Endoscopic Evaluation of Late Rectal Injury Following CyberKnife Radiosurgery for Prostate Cancer
|ClinicalTrials.gov Identifier: NCT01618838|
Recruitment Status : Terminated (The study only accrued 4 patients in 2 years, far below target (40). It was closed with no subject reached the primary endpoint, thus no results to publish.)
First Posted : June 13, 2012
Results First Posted : April 24, 2014
Last Update Posted : April 2, 2018
Radiation therapy is a well-established treatment modality for clinically localized prostate cancer. Men who choose to undergo radiation treatments for prostate cancer will have to live with the side effects for many years. Attempts have been made to protect surrounding tissues while delivering high dosage of radiation to cancer. With the rectum being so close to the prostate, many patients still suffer from side effects caused by radiation injury to the rectum, especially those who received conventional external beam radiotherapy.
CyberKnife is an FDA approved radiosurgical devise. Its flexible robotic arm allows radiation beams to be delivered in different directions, providing a highly conformal, uniform dose with steep dose gradients. Therefore, treatment with the CyberKnife radiosurgical system should minimize the toxicity to the surrounding structures. CyberKnife System also incorporates a dynamic tracking system to allow the robot to correct the targeting of therapeutic beams during treatment. These improvements allow for dose escalation within the prostate with less normal tissue toxicity.
The purpose of this study is to estimate the proportion of patients with endoscopically detectable telangiectasia as the indication of radiation injury to the rectum, after CyberKnife Treatment for prostate cancer.
|Condition or disease||Intervention/treatment||Phase|
|Stage II Prostate Carcinoma||Radiation: CyberKnife radiosurgery||Not Applicable|
Radiation therapy is a well-established treatment modality for clinically localized prostate cancer. Current techniques include conventional external beam radiotherapy and intensity modulated radiation therapy (IMRT). The efficacy of conventional external beam radiation treatment (60-70 Gy in 2 Gy fractions) using several uniform fields has been documented. The 10-year disease-free survival rate for patients with disease confined to the prostate in the pre-PSA (Prostate Specific Antigen) era was approximately 50-70%. Analysis of these data suggested that dose escalation could improve local control in prostate cancer.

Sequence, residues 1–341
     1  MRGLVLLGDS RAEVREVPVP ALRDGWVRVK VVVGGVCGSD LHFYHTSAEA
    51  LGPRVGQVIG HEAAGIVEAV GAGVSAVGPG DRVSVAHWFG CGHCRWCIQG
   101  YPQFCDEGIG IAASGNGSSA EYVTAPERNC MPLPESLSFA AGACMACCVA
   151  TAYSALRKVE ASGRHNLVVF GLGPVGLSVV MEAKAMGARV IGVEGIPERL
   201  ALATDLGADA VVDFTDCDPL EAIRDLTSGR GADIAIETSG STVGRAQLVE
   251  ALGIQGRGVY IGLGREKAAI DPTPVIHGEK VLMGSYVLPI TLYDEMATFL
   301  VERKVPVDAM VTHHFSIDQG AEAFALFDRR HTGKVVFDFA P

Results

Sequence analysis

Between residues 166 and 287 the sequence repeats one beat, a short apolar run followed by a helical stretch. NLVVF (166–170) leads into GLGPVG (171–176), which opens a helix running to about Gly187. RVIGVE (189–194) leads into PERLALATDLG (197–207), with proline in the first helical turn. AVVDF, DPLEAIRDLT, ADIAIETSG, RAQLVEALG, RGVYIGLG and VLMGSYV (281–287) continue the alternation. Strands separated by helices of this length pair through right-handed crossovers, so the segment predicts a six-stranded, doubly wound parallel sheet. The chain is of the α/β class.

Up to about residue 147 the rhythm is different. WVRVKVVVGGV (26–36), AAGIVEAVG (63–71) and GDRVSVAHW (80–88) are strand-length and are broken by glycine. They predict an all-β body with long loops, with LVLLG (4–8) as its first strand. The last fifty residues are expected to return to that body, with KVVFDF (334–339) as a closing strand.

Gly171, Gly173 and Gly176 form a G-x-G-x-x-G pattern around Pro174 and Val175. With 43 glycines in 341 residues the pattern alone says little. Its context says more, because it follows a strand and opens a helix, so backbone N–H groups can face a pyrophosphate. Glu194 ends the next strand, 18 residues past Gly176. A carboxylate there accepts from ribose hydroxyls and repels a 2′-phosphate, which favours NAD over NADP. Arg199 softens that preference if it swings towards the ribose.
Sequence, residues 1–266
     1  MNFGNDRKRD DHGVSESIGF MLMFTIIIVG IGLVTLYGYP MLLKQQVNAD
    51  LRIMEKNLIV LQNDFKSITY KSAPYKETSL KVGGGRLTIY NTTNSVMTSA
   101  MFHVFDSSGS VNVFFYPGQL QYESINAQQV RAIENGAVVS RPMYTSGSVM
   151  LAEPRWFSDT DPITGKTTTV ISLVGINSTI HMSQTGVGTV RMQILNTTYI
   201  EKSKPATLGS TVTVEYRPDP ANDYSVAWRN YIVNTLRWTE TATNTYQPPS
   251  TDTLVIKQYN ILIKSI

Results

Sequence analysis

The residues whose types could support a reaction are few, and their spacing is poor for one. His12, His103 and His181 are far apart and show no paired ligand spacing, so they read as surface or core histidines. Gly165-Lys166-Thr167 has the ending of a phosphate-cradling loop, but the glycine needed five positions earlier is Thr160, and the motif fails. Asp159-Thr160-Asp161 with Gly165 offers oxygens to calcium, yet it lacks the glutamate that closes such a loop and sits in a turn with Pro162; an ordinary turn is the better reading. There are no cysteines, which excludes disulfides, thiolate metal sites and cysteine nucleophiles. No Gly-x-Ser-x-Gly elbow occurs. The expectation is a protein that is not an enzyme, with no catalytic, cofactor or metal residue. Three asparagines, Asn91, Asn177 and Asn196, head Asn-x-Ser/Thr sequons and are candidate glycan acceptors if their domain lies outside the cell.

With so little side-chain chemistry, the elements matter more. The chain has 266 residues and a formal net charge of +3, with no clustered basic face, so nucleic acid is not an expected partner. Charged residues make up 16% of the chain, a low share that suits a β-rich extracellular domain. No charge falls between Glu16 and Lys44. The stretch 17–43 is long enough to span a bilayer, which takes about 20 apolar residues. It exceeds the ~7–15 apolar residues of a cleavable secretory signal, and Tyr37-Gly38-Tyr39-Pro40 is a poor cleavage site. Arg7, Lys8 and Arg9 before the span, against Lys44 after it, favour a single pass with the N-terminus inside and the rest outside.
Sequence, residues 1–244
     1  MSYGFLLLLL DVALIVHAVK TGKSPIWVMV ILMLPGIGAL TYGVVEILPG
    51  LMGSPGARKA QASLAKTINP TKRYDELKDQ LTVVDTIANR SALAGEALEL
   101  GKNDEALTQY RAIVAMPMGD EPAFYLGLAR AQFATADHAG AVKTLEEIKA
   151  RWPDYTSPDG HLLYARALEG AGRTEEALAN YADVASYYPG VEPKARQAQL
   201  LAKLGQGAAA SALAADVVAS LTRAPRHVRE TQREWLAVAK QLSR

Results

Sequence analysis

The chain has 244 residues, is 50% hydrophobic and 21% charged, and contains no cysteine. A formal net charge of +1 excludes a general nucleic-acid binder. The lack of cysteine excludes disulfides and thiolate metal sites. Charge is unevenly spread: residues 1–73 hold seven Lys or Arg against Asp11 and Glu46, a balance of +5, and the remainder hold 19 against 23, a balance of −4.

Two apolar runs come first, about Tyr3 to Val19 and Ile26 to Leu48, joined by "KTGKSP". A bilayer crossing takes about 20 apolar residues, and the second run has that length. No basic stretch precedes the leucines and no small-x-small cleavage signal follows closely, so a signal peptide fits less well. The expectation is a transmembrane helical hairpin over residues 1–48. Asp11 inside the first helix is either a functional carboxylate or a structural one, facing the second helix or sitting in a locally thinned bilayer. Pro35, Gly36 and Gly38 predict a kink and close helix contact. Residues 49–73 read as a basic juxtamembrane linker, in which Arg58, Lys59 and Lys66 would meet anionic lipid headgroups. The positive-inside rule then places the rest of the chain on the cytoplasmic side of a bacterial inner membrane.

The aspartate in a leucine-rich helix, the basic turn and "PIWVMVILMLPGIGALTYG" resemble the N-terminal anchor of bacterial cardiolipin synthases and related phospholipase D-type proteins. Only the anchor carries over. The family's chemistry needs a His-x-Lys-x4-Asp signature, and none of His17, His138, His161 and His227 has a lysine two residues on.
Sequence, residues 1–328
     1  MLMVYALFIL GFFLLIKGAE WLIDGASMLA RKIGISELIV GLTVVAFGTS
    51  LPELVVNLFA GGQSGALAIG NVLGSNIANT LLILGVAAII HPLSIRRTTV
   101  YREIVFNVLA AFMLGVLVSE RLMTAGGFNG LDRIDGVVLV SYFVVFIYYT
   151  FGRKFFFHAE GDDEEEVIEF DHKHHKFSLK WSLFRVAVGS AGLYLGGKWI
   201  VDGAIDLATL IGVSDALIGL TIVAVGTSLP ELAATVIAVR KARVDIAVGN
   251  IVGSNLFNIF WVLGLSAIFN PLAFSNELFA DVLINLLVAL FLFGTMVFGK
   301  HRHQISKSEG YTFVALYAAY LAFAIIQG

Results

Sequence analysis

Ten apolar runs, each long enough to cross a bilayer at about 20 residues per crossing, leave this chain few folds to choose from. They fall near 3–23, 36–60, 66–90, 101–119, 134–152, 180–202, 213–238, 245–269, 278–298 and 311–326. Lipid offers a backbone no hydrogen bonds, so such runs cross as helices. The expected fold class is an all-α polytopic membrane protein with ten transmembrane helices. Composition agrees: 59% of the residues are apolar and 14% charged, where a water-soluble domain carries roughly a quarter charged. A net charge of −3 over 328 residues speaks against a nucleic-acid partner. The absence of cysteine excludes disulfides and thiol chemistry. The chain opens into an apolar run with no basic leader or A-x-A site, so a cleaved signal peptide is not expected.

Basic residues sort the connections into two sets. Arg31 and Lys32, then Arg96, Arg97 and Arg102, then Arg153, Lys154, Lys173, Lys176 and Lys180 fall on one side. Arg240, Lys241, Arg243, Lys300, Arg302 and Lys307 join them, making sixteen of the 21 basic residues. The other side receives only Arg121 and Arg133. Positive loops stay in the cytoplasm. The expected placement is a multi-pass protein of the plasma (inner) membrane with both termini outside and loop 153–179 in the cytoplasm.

On average, men who choose to undergo radiation therapy treatments for prostate cancer will have to live with the side effects of therapy for many years. Chronic proctitis may occur after radiotherapy (RT) to the pelvic region. According to a published series, it clinically occurs after radiation therapy of localized prostate cancer at a frequency of 5-20%. It occurs months to years after treatment (average 8-12 months) with a large majority within two years following radiation therapy. Patient characteristics, such as a history of inflammatory bowel disease or chronic anticoagulation therapy, may increase an individual patient's risk of clinically significant proctitis. Patients with radiation-induced proctopathy have described symptoms of rectal pain, diarrhea, urgency, rectal bleeding, and increased frequency of bowel movements. Endoscopic evaluation shows telangiectasia, congested mucosa and ulcers. Rectal bleeding occurs from the neovascular telangiectasia seen in about 60% of patients receiving conventionally fractionated radiation therapy. The other symptoms probably develop from the decreased rectal compliance associated with rectal wall fibrosis. These symptoms are, in current reports, most often classified according to the NCI Common Toxicity Criteria grade for late gastrointestinal side effects. Due to the proximity of the rectum and bladder to the prostate, using conventional techniques, the prescription dose is limited to 65-70 Gy. Although attempts were made to protect the rectum, the incidence of rectal bleeding was unacceptable at doses greater than 70 Gy (20%).